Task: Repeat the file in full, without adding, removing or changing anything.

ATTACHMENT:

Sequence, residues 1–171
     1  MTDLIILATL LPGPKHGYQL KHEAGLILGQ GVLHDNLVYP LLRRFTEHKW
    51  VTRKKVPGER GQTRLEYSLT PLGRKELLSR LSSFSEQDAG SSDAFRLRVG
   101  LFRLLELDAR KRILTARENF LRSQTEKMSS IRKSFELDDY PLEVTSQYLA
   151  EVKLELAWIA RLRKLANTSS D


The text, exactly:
Sequence, residues 1–171
     1  MTDLIILATL LPGPKHGYQL KHEAGLILGQ GVLHDNLVYP LLRRFTEHKW
    51  VTRKKVPGER GQTRLEYSLT PLGRKELLSR LSSFSEQDAG SSDAFRLRVG
   101  LFRLLELDAR KRILTARENF LRSQTEKMSS IRKSFELDDY PLEVTSQYLA
   151  EVKLELAWIA RLRKLANTSS D